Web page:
Friday, August 7, 2009

The Brewer Pregnancy Diet


When my friend Daedra found out that I was pregnant she offered to give me some pregnancy diet and nutrition advice. Daedra is a Bradley Method Childbirth Class Instructor. I thought this would make a great guest post for all of my readers. Daedra has been teaching the Bradley Method for about 4 years and has impacted many families during that time. She has also attended births and is trained as a doula. She has an adorable 4 year old son and is currently expecting another child in December. Please enjoy her post below and feel free to ask questions in the comments section.


The Brewer Pregnancy Diet

This pregnancy diet is traditionally taught in Bradley Method® Childbirth Classes and was created by Dr. Tom Brewer in the 1960’s. At the time many doctors were trying unsuccessfully to treat pre-eclampsia with medical techniques and Dr. Brewer created a plan to attack the problem at its cause: poor nutrition. During the course of Dr. Brewer’s 12 years of practice over 25,000 women experienced healthy pregnancies with his diet.

The Brewer diet focuses mainly on adequate protein intake during pregnancy. This post will show you all the food categories and the importance of each for the pregnant mom. These food groups are all very important if you would like to stay low-risk and healthy during pregnancy and therefore have a normal delivery.

Protein
Proteins are broken down into amino acids by your body and used to repair body tissues and organs. Your baby will be built from these amino acids. Contrary to popular belief, you can not build a baby from the extra stores of fat on your hips (although, wouldn’t that be nice!) Inadequate protein intake can lead to fatigue, swelling, and even a lack of appetite.

The average non-pregnant person needs approximately 56 grams of protein per day. Dr. Brewer recommends the pregnant woman aim for 80 – 100 grams of protein per day. This may seem like a lot of protein to eat in one day but if you consider that a 3 ounce piece of chicken (which is about the size of a credit card) has 20 grams of protein one can easily obtain 80 grams. Oh, and check out a good healthy peanut butter, the one I eat has 10 grams of protein in 2 tablespoons! Yum!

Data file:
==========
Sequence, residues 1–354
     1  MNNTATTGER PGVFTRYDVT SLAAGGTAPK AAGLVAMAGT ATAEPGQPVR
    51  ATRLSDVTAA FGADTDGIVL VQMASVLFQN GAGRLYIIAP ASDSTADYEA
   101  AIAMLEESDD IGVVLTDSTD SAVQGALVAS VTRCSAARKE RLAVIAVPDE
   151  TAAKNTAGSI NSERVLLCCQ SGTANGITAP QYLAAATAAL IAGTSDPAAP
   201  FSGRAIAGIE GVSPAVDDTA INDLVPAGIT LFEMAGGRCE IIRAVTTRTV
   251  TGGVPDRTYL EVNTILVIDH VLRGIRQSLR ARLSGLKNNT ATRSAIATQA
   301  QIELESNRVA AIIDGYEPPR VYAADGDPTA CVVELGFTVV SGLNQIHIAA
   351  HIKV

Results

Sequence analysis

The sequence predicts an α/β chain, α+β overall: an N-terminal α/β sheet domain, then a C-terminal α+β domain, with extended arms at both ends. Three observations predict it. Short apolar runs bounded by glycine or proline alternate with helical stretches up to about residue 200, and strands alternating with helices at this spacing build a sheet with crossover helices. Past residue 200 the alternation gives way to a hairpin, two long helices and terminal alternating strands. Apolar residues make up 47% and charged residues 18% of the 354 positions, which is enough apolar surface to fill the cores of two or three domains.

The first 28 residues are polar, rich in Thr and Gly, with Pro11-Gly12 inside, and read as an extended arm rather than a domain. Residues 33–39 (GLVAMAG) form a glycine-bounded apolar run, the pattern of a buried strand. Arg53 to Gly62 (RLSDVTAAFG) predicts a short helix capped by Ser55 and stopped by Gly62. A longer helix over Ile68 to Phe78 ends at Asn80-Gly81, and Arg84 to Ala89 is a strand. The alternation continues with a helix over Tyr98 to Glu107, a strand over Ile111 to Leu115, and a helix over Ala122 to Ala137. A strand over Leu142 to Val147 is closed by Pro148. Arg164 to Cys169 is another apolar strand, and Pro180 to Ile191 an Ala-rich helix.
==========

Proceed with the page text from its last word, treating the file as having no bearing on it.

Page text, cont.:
Milk
Milk and milk products provide calcium and other essential vitamins and minerals. They are important for bones, muscle growth, muscle contraction and nerve transmission. Eating a proper amount from this food group is essential for healthy blood, can ease insomnia, and helps regulate mom’s heartbeat. The Brewer Diet recommends 4 servings per day of milk products.

Eggs
Eggs provide protein, vitamins and minerals including vitamin A, the anti-infection vitamin. Added together milk and eggs provide a protein, vitamin, mineral and calorie foundation for the rest of the pregnancy diet. The Brewer Diet recommends 2 servings of eggs per day.

Greens
Fresh, dark green vegetables are rich in vitamins and minerals, particularly A and B complex which are necessary to help your body use the protein in other foods. Greens are also high in folic acid which is essential for good growth. Green play a role in the formation of red blood cells and therefore a deficiency could lead to anemia. The Brewer Diet recommends 2 servings per day.


Whole Grains
Whole grains are excellent sources of the carbohydrates you need to fuel your body. If you have too few carbohydrates in your diet your body burns the protein you eat for energy, thus robbing you and your baby of the building blocks for tissue growth and repair. Carbohydrates from whole grains are a good source of B vitamins which are necessary for growth and the normal functioning of nerve tissue. The Brewer Diet recommends 4 or more servings per day.

Citrus
Citrus and other foods high in vitamin C are important for the body’s manufacture of collagen, the substance that holds tissue together. Without adequate vitamin C your uterus may not perform well in labor, and you will not have a strong amniotic sack (bag of waters). We all know that vitamin C is crucial in the body’s defense system against infection but did you know it’s also improves your iron absorption? The Brewer Diet recommends 1-2 servings per day.

Fats and Oils
Healthy fats and oils such as real butter and olive oil are needed to help your body absorb the fat-soluble vitamins A, D, E & K. Fats and oils also contribute to a fine-textured skin (aka: stretchy pregnancy skin). This food group is a concentrated source of calories, during pregnancy the calorie need is greatly increased to 2500-3000 calories per day. The Brewer Diet recommends 3 servings per day.

Yellow and Orange Colored Fruits and Vegetables
These specific foods are high in vitamin A, which again is known to fight infection. During pregnancy, when the pressure of the growing uterus on bladder is constant, extra vitamin A helps protect mom against bladder and kidney infections. The Brewer Diet recommends 5 servings per week.

Salt
A good quality salt such as Celtic sea salt or Himalayan salt is an essential nutrient in pregnancy. Cutting back on salt can cause a decrease in the amount of blood circulating through your body and placenta (hypovolemia) thus reducing the supply of nutrients passing to your baby. Too little salt in the diet can lead to leg cramps, fatigue and even swelling. The Brewer Diet recommends salting your food to taste.

Water